Sunday, September 26, 2004

Breakup, Makeup, Shakeup

Breakup, Makeup, Shakeup It was an old lover’s birthday a few days ago. Closure came earlier this year, and since then we have never exchange any more words after trading “I’m sorry’s” and “I loved you” those many months ago. Four days ago, I broke the mutually imposed ice blue curtain of civility and sent her a short but somewhat evocative greeting through Friendster. I didn’t realize the ramifications of such a move and for the next four days, we have exchanged brief messages that I now realized is slowly intensifying the closure that I so badly wanted since we broke up. Short messages as they were, I started to find out what’s going on in her life and vice versa. No, it does not prick my heart anymore as it used to whenever I see the picture of her and her new love (my replacement) on her profile. I held back from slinging sarcastic one-liners and I managed to write replies conveying some semblance of warmth and friendliness. Amazingly, the constricting pain that has been lashing my heart for quite some time is gone now. This is my closure, and I accept the finality of it.

But dear friends, first let me tell you how it was.

When this love affair ended, I was broken, completely. My whole being shut down, and even if my friends were telling me how brave I was for not succumbing to pain, I knew that there was something wrong. Looking back, I’d rather had myself wallowed for a while instead of trying to move on immediately, without feeling anything. For me, that’s worse than being broken. Because when you’ve stopped feeling anything, it means that you’re all used up and it’s going to be harder to recover from that. When you’re used up, there’s nothing to fix, there’s naught but space. And how could one fill such a vast space like an empty heart?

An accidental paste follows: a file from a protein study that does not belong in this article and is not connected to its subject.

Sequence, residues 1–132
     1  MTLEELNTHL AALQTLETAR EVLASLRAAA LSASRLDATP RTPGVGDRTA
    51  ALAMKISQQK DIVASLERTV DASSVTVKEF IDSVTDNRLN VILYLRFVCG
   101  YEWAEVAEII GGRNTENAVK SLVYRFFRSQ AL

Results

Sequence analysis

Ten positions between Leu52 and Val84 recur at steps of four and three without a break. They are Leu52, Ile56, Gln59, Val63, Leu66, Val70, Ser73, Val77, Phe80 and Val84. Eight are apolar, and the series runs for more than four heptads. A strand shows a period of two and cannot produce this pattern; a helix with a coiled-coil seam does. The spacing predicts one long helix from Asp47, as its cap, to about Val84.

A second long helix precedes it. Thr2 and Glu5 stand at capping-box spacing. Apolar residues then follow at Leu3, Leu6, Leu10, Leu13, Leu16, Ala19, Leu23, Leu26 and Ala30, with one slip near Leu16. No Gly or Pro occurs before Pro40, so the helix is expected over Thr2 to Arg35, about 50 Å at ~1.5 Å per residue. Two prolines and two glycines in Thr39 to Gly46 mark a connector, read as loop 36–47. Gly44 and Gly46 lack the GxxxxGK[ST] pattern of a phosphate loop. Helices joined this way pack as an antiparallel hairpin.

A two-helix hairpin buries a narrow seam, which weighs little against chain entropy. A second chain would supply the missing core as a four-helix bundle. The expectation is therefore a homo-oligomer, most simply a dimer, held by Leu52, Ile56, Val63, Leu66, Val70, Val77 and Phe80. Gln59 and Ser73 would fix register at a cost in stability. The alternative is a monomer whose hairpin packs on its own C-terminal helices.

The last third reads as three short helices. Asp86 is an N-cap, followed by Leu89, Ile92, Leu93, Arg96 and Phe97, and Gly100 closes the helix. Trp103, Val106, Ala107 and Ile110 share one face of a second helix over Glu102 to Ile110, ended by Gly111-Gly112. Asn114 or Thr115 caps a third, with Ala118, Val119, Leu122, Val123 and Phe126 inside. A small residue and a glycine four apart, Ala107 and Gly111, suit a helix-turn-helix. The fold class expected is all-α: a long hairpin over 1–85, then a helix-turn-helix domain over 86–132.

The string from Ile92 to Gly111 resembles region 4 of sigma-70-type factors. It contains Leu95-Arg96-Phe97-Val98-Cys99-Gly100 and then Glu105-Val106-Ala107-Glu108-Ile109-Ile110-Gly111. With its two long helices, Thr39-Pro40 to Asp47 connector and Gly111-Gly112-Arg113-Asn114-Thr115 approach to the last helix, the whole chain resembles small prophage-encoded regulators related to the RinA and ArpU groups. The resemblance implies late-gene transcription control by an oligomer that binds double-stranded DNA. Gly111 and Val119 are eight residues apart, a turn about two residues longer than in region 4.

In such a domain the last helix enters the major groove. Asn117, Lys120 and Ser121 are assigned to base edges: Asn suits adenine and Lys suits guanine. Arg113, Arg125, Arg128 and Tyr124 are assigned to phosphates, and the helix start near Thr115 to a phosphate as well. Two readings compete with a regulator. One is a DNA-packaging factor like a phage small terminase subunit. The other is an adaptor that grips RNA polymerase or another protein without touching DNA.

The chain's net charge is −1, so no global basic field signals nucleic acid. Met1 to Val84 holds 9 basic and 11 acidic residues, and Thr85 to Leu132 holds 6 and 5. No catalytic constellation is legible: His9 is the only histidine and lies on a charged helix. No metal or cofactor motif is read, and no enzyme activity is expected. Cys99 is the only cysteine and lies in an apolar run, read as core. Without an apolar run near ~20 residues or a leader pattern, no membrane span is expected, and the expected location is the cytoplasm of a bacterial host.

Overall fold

Alcohol can only do so much.

Because love is self-annihilation, it does not really matter if your relationship with someone ran a total of 10 years, or 8 months, or 10 days. When you’re in love, you cease to be yourself and you tend to love selfLESSly.

When you caress your lovers at night, kiss them in the morning as they saunter off to work, or even when your tongues lash at each other during moments of anger there is always an exchange of essence and somehow these things would bind you to that person, making you one and integrated that it would be hard to distinguish the one from the other, thus obliterating any veneer of self-existence.

It dawned on me that it’s perfectly all right to be broken.

We are pieces of puzzles, like that old love song says. You put them together and some would not fit, but some would. Sometimes puzzles get scattered all over as turbulent relationships do and the broken pieces had to be refitted once again. And it’s okay. Because you have absorbed so much from that person, when you separate, you have to break so that you can shake off any lasting imprint of that person from your being that will make moving on harder for you.

I have been the letters inside the Boggle Case. I’ve been shook up, turned upside down, and rattled so badly that I thought I might never be the sam(n?)e again.

Recently, I’ve started feeling again. It was just a warm feeling at the tip of my toes. The merest of shivers but that was enough. Slowly, I am freeing myself of this atrophy that has been keeping me from breathing. I am not so dead inside anymore.

Ladies and Gentlemen, congratulate me, I’m out of the coffin.

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